Don’t you wish your voice had a volume control? Imagine if you could just twist a knob on the side of your neck and blow everybody away! I’m dreaming, I know. I just think it’s a crime that the vocal is the focus of every song but the least audible element when bands rehearse. Since the voice is an acoustic instrument, you would think everyone would adjust their levels accordingly. I guess I’m still dreaming. The reality is that singers are routinely overwhelmed by thick guitars, booming basses and smashing drums. Shouting is not the answer, unless that fits your music. In most cases, shouting is counter productive to singing loud. Driving your vocal folds with more pressure than they can handle forces them to split apart and allows air to escape. The throat then braces in response to the leak, narrowing the area around your larynx. The extra muscle activity is successful in absorbing the load but also absorbs lots of overtones in the process. The sound produced from all this effort is distorted and thin, rather than loud and rich. You also wind up with a pair of very swollen vocal folds.
Volume, or amplitude, is measured by the height of a sound wave. The taller the wave, the more sound pressure it delivers. To make your voice loud, muscles inside your vocal folds contract to make them thicker. Like strumming a guitar with heavy gauge strings, the thicker folds require more force to vibrate but produce a much larger sound wave as a result. However, just as heavy strings require greater finger strength; thick folds are less flexible and require more internal strength to control. This is usually where we screw things up and cross the line into shouting. Since we cannot feel the muscles inside the vocal folds, we tend to turn on neck, jaw, tongue and facial muscles instead. This external blockade is what misguides us into overloading the larynx with too much pressure.
To discover what your folds can handle, deny the outside involvement. Open your mouth and sing any pitch. Gradually increase the volume without letting any visible muscles join in. Don’t let your jaw lock, your tongue roll back or your eyes bug out. Don’t be discouraged if this test reveals a weak result. The muscles within the folds are like any other in the body; they can be exercised to handle more load. If you repeat this crescendo exercise daily, you will learn to address the vocal folds with a proportionate amount of pressure. Stick with it and you will be amazed at how relaxed you can be when singing loud. Unfortunately, singing songs isn’t the best way to develop this. When we gig, we focus on our performance rather than form; there are usually a lot of tricks incorporated to get us through a set. The advantage of vocalizing is that we can isolate a target area. We want to stimulate the folds by asking for a little more volume each day, rather than irritate them with the instant demands of competing with the band. There’s no denying that your muscles will get stronger if you hit the road for a while, it’s just often the wrong muscles.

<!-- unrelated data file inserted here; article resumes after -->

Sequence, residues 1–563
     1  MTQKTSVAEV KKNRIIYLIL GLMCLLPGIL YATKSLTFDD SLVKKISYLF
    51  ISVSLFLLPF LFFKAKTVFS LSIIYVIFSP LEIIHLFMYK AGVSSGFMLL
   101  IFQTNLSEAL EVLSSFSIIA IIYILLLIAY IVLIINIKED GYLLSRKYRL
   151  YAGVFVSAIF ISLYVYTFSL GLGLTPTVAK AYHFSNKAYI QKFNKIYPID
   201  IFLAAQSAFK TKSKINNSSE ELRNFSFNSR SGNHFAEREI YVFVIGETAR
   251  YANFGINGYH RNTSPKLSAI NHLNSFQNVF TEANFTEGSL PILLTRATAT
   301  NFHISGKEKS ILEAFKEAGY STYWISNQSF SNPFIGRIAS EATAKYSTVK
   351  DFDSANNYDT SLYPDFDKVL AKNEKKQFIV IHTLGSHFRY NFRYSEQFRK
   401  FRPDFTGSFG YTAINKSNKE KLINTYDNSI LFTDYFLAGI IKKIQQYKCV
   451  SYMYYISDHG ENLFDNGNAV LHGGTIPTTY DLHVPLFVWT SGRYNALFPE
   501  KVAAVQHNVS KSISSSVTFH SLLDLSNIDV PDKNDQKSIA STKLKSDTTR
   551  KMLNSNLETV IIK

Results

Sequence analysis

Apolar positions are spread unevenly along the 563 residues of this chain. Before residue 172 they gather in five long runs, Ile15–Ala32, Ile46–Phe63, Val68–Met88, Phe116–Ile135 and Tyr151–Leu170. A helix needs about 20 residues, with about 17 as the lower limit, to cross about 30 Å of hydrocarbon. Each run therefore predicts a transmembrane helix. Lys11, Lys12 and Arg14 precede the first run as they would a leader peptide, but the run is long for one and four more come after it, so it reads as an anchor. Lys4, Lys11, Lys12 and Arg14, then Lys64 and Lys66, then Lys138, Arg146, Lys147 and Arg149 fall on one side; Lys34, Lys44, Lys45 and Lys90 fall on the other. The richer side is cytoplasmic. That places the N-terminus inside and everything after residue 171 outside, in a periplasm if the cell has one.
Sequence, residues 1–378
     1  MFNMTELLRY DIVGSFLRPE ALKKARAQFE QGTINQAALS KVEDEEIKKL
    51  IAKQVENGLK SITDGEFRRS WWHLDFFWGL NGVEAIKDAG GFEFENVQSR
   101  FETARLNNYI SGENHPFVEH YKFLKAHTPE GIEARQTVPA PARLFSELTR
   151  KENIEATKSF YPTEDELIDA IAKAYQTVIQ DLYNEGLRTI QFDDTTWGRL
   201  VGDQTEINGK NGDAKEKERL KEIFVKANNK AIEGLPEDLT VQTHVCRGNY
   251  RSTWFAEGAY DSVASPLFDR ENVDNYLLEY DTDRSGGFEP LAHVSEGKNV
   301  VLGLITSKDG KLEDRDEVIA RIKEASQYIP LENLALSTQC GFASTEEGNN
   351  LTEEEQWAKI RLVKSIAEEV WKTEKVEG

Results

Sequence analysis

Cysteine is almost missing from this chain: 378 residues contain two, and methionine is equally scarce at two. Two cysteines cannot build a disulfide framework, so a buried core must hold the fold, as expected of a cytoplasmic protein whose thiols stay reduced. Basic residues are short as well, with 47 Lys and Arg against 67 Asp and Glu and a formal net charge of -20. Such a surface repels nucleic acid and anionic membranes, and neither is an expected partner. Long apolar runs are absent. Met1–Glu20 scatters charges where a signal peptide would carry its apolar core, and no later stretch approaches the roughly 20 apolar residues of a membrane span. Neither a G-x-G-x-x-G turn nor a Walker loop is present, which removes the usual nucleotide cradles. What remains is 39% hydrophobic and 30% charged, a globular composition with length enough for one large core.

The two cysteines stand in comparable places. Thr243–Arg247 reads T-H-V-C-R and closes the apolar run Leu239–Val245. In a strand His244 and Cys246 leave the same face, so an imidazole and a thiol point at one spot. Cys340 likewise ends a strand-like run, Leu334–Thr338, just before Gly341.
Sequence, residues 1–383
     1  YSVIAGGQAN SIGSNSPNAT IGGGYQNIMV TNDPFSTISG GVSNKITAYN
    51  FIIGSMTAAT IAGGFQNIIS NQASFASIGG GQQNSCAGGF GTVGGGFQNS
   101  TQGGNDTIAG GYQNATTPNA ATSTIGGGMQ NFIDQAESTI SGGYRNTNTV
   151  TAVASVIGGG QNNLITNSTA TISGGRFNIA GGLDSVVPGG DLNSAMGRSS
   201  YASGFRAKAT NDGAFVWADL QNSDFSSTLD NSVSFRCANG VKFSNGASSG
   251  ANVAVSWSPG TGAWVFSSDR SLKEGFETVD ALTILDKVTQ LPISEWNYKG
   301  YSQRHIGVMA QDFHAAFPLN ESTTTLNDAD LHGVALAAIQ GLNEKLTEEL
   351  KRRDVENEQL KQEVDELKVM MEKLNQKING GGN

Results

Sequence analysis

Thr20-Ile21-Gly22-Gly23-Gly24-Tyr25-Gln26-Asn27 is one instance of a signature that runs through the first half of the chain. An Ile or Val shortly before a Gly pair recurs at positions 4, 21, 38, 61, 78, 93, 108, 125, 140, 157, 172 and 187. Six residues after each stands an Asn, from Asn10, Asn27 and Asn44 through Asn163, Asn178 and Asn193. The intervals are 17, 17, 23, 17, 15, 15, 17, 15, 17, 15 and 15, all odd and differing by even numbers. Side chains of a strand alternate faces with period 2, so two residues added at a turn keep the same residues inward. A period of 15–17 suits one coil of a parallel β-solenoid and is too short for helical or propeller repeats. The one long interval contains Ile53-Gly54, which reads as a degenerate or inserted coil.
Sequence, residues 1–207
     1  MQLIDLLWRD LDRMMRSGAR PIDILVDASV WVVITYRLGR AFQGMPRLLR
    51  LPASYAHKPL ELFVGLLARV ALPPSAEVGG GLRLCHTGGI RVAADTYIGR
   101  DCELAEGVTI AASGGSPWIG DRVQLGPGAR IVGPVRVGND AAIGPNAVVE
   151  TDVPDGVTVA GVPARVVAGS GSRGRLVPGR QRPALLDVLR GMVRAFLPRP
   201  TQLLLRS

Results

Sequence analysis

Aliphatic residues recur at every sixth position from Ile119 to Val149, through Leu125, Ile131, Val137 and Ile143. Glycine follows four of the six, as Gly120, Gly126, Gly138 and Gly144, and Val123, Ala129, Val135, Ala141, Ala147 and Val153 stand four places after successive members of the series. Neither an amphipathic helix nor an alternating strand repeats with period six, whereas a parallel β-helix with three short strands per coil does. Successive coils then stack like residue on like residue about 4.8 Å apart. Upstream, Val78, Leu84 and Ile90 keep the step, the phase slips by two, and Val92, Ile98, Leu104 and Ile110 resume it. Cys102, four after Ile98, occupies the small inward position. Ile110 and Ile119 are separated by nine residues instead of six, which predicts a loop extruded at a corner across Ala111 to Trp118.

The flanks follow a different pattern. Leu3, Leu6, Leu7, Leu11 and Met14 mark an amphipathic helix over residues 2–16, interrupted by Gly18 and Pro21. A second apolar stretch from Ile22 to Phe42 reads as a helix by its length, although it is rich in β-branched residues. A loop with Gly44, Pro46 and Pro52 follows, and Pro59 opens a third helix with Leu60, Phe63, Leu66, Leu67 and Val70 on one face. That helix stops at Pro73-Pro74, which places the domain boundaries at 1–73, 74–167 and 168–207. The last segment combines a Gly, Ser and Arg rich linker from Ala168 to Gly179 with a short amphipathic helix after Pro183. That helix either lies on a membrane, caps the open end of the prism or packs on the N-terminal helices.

Volume is also a perceived quality. The energy of a high frequency excites the ear more than the slow lumbering wave of a low note, and so high notes are perceived as louder. That’s why it takes less power to drive the horns on a sound system versus the bass bins. For singers, this means promoting higher overtones will make your voice seem louder without working any harder. I’m not suggesting you rewrite your songs to include more high pitches; it’s just another reason not to shout. If unburdened, the throat can contribute a series of overtones, adding brightness which projects the voice. The highest overtone, which occurs between 2,500 and 3,200 Hertz, is what allows an opera singer to be heard above an orchestra without a microphone. To a non-classical singer, the added overtones allow your voice to cut through the mix when singing at a moderate volume, so no one has to turn down. The combination of stronger folds inside a relaxed throat cavity is the best situation of all. It will allow you to choose a dynamic based on the lyric rather than which notes are hard to sing. Shouting every note of a song will numb your audience, like a mother who always screams at her kids. Singers who are able to vary their dynamics and reserve the aggressive stuff for appropriate moments keep the audience engaged. So relax your throat and develop your instrument to handle the load of singing loud without stress, and save the shouting for the band meeting!